Prepare it carefully.  All food items should be kept at the proper temperature at all times.  When cooking raw meats, use separate plates for the raw and cooked products and clean and sanitize utensils between uses.  Cook meat to the proper recommended internal temperature to ensure doneness and safety.  Click here for a list of recommended internal cooking temperatures.

Clean up quickly.  Discard any perishable foods that have been left out for longer than two hours.  In really hot weather (generally above 90 degrees F), foods should not be left out longer than one hour.  Keep food protected in storage containers such as coolers and lidded dishes to minimize contamination from flies and other pests.  Serve small portions of food at a time and keep the rest in the cooler.

Picnics are an important part of summer and with just a little bit of planning and a few useful tips and tools, they can be safe and delicious for everyone!

Related links:
Food Safety at Tailgating (University of Florida/IFAS)
Picnic Safety (Iowa State University)
Checklist for the Perfect Summer Picnic (foodsafety.gov)

Extension classes are open to everyone regardless of race, creed, color, religion, age, disability, sex, sexual orientation, marital status, national origin, political opinions or affiliations.

Six Common Falling Hazards in the Home

Six Common Falling Hazards in the Home

As we get older, our risk of falling increases. In fact, falling once doubles the chances of falling again. According to the Centers for Disease Control and Prevention (CDC), one out of five falls causes serious injury such as broken bones or head injury. Over 300,000 people aged 65 or older are hospitalized each year for hip fractures caused by falls.

Properly installed handrails in bathrooms and other high traffic areas can greatly reduce the risk of falling. (Photo source: Samantha Kennedy)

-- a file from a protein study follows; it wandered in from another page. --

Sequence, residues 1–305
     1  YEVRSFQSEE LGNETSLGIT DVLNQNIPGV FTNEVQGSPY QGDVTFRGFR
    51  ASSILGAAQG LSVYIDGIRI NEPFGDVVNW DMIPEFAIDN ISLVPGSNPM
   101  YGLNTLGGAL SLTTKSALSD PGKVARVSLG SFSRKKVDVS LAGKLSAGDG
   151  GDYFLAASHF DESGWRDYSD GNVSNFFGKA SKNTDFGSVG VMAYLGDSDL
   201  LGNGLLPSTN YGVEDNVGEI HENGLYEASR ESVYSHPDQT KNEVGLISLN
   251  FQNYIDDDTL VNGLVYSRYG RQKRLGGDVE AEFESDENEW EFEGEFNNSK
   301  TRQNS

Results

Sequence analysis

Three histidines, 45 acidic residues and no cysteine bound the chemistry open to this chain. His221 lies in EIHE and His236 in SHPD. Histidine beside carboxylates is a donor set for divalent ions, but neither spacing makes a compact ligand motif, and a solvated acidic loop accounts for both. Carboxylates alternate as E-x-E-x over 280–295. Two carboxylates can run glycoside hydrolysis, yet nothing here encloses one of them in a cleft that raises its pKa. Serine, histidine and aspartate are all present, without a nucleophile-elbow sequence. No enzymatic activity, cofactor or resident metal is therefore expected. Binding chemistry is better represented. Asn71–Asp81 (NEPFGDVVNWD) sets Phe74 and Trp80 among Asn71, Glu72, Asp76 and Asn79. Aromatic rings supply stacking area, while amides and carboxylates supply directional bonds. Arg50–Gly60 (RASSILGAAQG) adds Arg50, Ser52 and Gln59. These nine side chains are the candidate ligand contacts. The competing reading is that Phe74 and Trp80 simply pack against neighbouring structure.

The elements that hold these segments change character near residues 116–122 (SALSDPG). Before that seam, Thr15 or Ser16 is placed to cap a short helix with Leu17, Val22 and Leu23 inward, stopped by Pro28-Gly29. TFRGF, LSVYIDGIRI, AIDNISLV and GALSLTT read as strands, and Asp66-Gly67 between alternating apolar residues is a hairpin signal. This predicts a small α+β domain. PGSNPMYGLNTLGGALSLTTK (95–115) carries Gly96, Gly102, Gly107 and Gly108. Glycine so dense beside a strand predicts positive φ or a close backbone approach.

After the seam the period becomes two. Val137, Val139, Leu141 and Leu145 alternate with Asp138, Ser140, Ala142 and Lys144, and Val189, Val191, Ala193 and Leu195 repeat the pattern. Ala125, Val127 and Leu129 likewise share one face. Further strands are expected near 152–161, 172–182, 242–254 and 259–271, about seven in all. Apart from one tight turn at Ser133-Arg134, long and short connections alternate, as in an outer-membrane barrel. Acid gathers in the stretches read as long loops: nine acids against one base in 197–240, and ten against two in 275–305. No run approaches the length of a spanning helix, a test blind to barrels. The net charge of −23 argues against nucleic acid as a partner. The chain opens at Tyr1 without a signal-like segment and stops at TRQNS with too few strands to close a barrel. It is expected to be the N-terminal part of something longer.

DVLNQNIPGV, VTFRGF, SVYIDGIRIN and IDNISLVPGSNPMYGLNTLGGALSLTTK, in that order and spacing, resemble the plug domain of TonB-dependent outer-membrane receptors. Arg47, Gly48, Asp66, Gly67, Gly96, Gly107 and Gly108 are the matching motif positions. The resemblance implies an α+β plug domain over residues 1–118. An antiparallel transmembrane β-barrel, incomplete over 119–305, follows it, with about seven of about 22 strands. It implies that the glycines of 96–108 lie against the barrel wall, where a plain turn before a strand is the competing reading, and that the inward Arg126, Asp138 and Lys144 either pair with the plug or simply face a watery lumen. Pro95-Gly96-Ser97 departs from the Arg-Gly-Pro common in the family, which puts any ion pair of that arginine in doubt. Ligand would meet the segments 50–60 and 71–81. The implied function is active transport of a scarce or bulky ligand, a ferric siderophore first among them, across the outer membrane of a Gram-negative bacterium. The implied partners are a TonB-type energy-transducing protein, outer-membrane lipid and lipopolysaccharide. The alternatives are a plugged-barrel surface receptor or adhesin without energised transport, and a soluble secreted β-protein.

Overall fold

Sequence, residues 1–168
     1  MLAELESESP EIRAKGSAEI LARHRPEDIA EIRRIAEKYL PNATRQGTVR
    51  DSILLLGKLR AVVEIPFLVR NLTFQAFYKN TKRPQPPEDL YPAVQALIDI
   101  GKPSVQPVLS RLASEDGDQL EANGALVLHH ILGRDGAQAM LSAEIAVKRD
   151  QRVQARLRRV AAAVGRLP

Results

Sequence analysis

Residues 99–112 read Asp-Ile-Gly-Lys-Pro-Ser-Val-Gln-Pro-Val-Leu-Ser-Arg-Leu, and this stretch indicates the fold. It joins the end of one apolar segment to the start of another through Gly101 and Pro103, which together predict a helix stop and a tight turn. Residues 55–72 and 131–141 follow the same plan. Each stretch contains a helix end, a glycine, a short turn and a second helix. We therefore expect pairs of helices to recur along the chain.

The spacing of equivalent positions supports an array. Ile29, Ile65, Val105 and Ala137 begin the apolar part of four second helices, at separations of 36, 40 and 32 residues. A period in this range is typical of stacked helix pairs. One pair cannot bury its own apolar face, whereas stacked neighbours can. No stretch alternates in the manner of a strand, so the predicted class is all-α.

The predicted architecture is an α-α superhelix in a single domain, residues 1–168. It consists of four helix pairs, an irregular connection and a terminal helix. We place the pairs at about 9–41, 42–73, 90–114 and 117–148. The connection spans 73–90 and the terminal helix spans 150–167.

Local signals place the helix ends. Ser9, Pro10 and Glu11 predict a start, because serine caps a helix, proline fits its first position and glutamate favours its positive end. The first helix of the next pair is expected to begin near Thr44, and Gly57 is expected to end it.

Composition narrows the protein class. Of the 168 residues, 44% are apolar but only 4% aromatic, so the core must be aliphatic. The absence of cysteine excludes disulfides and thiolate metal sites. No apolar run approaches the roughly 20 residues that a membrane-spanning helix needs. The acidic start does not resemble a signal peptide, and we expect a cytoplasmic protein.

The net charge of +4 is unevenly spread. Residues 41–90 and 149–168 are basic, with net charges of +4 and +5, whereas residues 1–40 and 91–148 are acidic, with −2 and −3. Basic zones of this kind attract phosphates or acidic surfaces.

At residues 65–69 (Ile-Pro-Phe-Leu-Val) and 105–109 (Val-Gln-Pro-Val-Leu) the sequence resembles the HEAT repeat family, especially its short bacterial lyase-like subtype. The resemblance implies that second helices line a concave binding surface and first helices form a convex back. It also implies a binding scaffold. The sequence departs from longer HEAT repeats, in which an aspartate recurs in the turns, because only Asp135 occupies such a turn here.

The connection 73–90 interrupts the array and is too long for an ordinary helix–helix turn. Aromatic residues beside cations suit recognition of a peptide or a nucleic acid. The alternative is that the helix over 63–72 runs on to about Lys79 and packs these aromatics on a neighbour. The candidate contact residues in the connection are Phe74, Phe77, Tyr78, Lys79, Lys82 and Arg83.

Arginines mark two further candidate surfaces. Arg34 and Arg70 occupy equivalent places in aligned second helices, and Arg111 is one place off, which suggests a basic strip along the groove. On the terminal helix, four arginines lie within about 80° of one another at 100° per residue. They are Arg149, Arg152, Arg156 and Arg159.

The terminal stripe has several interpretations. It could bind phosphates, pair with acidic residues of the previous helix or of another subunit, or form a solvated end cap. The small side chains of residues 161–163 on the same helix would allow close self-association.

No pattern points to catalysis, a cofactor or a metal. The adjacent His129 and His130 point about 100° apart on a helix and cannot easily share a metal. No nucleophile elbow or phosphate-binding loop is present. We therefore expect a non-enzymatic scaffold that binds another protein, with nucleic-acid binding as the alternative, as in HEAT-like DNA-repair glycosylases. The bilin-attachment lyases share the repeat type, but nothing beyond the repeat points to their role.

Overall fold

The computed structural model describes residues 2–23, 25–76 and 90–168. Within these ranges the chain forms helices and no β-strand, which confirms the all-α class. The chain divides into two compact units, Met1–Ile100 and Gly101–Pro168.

Most fall injuries occur in the home. We think of our homes as our safe space and sanctuary, often overlooking potential dangers. Here are six common hazards that occur in the home that can contribute to an increased risk of falling.

Clutter. Items that block or limit walkways in the home can be tripping hazards. Having to navigate around excess furniture or boxes can be difficult for someone with limited mobility. Clear out the clutter and keep walkways free of extraneous items. Wide open hallways and other spaces in the home will reduce potential tripping hazards.

Rugs. Rugs large and small can be tripping hazards. People can catch their toes underneath a rug’s edge or the rug itself can slip out from under them, causing a fall. Remove any rugs that are not necessary, such as rugs set out strictly for decoration. Apply slip-resistant backing to rugs to keep them from sliding across the floor.

Lighting. Dim lighting can make it difficult to see potential tripping hazards. Install brighter lights, especially in walkways and stairwells. Use nightlights in hallways and bathrooms to help navigate more easily at night.

Storage. Many falls occur when people are trying to reach items that are stored out-of-reach. Rearrange items, especially those used most often, in cabinets and on shelves so they can be reached easily without needing a step ladder.

Handrails. The lack of handrails or handrails that are broken or installed incorrectly can contribute to falls. The extra support and stability provided by handrails is vital, especially for those with limited mobility. Installing proper handrails in the bathroom (including the toilet and shower) and on stairs can greatly reduce the risk of falling.

Pets. Small pets can contribute to falls by inadvertently acting as a tripping hazard. Be aware of where pets are and tread carefully around them. When walking a pet, keep them on a tight leash and do not let them wrap around feet or legs.

Another great way to help reduce the risk of falling is through exercise. Strength and balance exercises such as Tai Chi help improve leg strength, balance, and flexibility. Some people also may benefit from calcium and vitamin D supplements, which can improve bone strength. Always consult a physician before taking any supplement.

Related articles:
Important Facts about Falls (CDC)
Fall Prevention (UF/IFAS Extension)

Extension classes are open to everyone regardless of race, creed, color, religion, age, disability, sex, sexual orientation, marital status, national origin, political opinions or affiliations.

Make Grocery Shopping Sustainable

Make Grocery Shopping Sustainable

reusable shopping bags

One way to be more sustainable when shopping for groceries is to use reusable shopping bags. They’re durable and sturdy and can help reduce the number of plastic bags that end up in the landfill each year. (Photo source: Samantha Kennedy)

Sustainability should not just be a buzzword during Earth Month.  The fact that everybody either shops for or eats groceries means the whole grocery shopping experience is a good time to reflect and improve upon what we can personally do to embrace issues of sustainability.